We have a reputation for really working with blinders on when it comes to partisanship. We are coming to the door with real solutions to the problems they have to face. We say, “We know you are facing a crisis and this is how you can deal with it.” Both House and Senate Democrats and Republicans. We have briefings for Hill staff on our defense cuts. We’ve had a number of staff from members of the super committee participate, which I was really excited to see. I think that at the staff level there is a real sense that this is serious. That we just can’t stonewall anymore, we actually have to do something.

Antiwar: How difficult is it to counter what Mullen and Panetta and other brass are saying today about potential defense cuts in the media, that it will hurt military readiness?

DB: [Mullen] was talking to people in the industry that are defending the status quo. I feel both parties are sort of divided on this. … There are those who are trying to protect spending on defense and related agencies who are immediately trying to get people to think that cutting spending is either going to hurt the troops or deny access to the weapons we need. But if you look at the cuts we recommend, very little affects weapons. Over the last 10 years there have been a number of weapons systems we have been whacking away at … the big cuts we are suggesting now are in private contacting. That is where we find enormous savings. … This has become this huge cash cow and it’s all just government spending.

Antiwar: You know Washington from the inside. You see how the mechanics of the military-industrial complex work. If there was one extraordinary thing you could convey to readers outside the Beltway about the sheer enormity or obdurateness of the MIC — what they might not know already — what would it be?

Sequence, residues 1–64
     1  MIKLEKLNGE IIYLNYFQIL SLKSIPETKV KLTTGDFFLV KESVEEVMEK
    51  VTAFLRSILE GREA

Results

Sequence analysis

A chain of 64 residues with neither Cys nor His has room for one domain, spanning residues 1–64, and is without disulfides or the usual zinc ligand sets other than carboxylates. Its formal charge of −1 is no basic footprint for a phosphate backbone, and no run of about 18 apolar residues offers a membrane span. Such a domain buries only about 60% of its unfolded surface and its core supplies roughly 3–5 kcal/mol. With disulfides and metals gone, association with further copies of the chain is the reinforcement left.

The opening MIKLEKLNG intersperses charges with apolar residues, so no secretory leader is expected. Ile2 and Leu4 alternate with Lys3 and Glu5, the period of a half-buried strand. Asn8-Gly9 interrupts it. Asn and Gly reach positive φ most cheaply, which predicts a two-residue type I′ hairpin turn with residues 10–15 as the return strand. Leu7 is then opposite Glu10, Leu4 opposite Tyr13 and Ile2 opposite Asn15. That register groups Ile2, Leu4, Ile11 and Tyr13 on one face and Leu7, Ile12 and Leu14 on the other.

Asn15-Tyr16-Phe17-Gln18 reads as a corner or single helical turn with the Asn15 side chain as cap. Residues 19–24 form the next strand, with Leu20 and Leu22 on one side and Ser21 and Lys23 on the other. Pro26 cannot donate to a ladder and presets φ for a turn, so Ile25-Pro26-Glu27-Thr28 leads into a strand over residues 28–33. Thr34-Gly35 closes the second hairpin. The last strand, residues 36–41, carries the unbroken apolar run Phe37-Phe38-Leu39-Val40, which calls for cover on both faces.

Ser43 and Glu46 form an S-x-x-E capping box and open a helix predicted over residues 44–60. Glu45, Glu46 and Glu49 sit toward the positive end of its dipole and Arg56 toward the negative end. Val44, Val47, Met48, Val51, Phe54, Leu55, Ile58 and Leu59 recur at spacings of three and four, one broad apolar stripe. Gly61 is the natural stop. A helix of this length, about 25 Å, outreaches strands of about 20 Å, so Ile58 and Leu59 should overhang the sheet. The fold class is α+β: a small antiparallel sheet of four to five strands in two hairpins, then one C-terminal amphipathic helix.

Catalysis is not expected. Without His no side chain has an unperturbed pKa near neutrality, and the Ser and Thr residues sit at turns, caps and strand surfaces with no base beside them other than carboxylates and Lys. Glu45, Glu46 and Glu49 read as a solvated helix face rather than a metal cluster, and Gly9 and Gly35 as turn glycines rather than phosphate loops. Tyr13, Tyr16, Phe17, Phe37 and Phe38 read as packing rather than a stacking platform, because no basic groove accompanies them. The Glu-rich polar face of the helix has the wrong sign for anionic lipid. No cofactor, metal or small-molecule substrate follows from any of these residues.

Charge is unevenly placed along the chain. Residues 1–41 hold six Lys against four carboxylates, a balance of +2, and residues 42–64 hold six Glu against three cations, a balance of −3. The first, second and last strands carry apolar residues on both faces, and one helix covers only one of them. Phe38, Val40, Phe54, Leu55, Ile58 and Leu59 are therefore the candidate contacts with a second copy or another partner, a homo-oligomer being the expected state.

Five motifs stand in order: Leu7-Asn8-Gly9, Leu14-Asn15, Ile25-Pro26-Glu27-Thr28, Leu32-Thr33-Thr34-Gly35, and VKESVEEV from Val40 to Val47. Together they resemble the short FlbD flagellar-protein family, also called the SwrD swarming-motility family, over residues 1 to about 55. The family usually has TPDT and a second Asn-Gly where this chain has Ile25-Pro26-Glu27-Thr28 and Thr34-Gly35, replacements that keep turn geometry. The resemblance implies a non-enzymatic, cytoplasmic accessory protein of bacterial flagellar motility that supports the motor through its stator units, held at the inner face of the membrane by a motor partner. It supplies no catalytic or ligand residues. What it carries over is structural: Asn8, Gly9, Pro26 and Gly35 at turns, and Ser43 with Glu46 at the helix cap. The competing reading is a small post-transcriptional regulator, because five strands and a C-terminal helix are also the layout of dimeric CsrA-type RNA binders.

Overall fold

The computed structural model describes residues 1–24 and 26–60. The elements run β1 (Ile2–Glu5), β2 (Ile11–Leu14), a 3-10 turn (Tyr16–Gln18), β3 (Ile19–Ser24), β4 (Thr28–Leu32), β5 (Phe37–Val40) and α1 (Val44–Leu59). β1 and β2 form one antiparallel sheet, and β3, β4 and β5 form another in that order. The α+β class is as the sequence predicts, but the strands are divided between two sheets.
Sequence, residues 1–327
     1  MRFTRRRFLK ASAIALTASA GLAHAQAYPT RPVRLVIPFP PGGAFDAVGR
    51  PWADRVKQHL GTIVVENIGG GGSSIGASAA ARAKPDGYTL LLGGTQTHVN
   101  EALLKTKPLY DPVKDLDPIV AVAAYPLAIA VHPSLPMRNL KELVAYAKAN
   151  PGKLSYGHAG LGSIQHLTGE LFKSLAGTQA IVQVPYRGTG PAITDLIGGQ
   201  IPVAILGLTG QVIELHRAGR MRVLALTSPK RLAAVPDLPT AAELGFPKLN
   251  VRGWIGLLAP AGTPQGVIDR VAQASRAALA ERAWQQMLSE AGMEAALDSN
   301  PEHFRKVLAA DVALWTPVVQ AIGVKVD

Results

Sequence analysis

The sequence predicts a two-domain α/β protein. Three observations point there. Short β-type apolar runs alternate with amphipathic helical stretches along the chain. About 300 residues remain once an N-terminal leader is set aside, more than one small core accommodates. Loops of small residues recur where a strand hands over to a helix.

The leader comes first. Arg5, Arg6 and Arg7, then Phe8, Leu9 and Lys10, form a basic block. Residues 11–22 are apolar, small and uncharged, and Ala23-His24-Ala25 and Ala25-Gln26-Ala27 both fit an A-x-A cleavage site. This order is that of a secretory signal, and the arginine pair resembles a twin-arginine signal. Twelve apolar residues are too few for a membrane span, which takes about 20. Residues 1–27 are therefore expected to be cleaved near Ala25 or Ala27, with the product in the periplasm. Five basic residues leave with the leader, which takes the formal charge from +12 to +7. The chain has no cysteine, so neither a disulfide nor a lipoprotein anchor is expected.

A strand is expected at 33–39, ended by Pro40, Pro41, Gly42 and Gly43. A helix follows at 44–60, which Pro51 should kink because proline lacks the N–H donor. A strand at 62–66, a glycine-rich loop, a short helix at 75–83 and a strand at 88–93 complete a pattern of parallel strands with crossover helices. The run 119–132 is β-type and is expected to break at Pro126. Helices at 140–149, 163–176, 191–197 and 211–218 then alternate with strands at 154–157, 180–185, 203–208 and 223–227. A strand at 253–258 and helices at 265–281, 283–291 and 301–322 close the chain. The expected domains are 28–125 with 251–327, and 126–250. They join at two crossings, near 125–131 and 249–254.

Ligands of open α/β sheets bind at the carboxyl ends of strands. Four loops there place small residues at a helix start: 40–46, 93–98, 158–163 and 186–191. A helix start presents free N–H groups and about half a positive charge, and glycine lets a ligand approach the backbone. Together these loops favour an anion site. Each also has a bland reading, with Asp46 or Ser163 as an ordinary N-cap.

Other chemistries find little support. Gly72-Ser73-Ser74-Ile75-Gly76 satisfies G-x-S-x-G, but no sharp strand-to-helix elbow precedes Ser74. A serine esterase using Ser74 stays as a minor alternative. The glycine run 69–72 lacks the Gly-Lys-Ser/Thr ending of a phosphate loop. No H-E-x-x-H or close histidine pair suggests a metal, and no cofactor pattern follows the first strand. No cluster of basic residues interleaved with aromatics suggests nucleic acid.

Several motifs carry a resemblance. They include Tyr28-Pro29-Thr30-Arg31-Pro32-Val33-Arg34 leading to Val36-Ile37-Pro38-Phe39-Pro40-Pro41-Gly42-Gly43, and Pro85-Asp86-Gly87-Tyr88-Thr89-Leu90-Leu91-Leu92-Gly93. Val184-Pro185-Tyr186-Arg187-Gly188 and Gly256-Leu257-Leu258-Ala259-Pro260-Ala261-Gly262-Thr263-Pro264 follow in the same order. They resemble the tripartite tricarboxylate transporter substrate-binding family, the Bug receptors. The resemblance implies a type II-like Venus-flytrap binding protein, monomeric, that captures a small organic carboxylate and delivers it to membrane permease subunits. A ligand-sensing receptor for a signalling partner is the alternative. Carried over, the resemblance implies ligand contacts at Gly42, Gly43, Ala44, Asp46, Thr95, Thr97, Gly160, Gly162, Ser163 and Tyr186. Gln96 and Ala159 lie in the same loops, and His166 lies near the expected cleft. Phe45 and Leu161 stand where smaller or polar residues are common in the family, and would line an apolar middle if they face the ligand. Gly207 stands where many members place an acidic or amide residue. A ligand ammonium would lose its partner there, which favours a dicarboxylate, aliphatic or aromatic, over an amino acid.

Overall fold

DB: One of my favorite examples that show what is going on in Washington: our investigators found, in the early years of the war, that the Senate was taking money for the line item in the budget designated for night goggles and putting it into [procurement for] the MV-22 [Osprey aircraft]. We wrote a letter to Congress. … There couldn’t be a more blatant example of how this was hurting the troops, but we didn’t get a single senator to stand up against it. That was a real eye-opener for me. It ended up going through, we couldn’t stop it. They took money out of night-vision goggles. When you look at what they are really doing, it really makes you sick when they claim they are “defending the troops.”

I think people assume that throwing money at the defense budget helps the troops, but it doesn’t. It helps the lobbyists and the corporate executives.

I think the successes we’ve had over time have been accomplished because the people who are our constituencies are really the troops and the weapons testers and the auditors — the people who are trying to protect the troops and the taxpayers. That’s what we do. We aren’t there to protect the lobbyists. It’s uphill, but that’s what motivates us because we now who we are working for.

Author: Kelley B. Vlahos

Kelley Beaucar Vlahos, a Washington, D.C.-based freelance writer, is a longtime political reporter for and a contributing editor at The American Conservative. She is also a Washington correspondent for Homeland Security Today magazine. Her Twitter account is @KelleyBVlahos.